Molecular technology could provide key to drug discovery against SARS-CoV-2

Researchers are using a new method to isolate the complex between SARS-CoV-2 and the ACE2 receptor to keep it integrated into the cell membrane.


Researchers are working to isolate and extract the COVID-19 encounter complex in a sufficiently stable form for the identification of target sites for future antiviral drugs against SARS-CoV-2. The study is being conducted at the University of Birmingham, UK.

The encounter complex is formed when the SARS-CoV-2 Spike (S) protein locks to a binding site on an angiotensin converting enzyme (ACE2) receptor, which is a complex protein integrated into cell membranes of the lungs and cells that line the nose. and the respiratory tract.

Although it was first isolated last year, the team said the methods used involved complete extraction of ACE2 receptors from cell membranes. This removal of the membrane support structure affects the stability of the receptor, making it difficult to study its structure and function.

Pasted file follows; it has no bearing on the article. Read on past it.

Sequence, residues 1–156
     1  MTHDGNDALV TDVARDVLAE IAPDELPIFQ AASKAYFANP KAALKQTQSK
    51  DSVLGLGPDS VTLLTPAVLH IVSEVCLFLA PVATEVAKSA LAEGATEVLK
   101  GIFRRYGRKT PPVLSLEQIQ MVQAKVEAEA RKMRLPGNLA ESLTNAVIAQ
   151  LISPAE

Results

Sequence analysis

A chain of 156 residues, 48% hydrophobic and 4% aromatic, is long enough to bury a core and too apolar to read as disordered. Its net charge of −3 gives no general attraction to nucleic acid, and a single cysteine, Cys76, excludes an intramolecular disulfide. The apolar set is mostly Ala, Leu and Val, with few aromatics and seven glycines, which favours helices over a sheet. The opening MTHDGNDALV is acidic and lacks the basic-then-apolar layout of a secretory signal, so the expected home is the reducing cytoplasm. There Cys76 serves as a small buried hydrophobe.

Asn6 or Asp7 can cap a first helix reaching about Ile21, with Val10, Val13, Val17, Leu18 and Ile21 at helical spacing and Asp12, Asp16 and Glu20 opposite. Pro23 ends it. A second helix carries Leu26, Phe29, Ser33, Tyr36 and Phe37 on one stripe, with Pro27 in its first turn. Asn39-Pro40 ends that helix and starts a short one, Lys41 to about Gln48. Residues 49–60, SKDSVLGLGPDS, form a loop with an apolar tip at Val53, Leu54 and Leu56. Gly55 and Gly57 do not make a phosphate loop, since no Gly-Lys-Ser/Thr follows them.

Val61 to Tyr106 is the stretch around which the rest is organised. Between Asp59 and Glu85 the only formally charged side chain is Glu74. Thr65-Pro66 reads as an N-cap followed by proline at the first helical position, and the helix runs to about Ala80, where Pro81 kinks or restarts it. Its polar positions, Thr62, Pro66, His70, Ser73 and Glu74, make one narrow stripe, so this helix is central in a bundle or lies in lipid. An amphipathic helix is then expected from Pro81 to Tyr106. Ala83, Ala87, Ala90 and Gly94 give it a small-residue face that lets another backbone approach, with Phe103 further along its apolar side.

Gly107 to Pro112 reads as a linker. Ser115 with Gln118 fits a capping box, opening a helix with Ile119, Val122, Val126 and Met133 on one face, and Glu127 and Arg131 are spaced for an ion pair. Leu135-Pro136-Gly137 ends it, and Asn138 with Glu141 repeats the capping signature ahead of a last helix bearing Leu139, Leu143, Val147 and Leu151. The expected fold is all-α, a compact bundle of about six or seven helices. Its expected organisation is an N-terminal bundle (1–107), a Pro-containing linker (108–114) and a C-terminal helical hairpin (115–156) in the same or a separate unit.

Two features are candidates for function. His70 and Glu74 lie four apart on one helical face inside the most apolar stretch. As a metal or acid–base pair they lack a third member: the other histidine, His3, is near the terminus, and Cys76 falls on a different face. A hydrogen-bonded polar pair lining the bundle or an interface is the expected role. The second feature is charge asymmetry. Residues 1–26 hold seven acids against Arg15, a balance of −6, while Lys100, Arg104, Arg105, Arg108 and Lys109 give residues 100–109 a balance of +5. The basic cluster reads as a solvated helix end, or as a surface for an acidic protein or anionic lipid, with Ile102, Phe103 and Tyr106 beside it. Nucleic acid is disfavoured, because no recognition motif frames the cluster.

In their study, the researchers used molecular “ cookie cutters ” made from polymers to isolate the complex and keep it integrated into the cell membrane, preserving the complete structure of the molecule in its original context and under a stable shape. The polymers are called styrene maleic anhydrides (SMA) and the resulting structure is known as the SMA lipid particle (SMALP) because it includes lipids from cell membranes.

Researchers believe this is the very first COVID-19 encounter complex with an intact membrane. This first project also aims to characterize the complex with a view to publishing its structure.

Dr Bart Verbraeken, director of the Orbiscope business unit, which provided the SMAs used in the study, said: “Beyond COVID-19, we believe that SMAs have enormous potential to unlock restrictions in the study. the drug pipeline, enabling studies of receptors in their native environments will define drug targets more precisely than ever before. “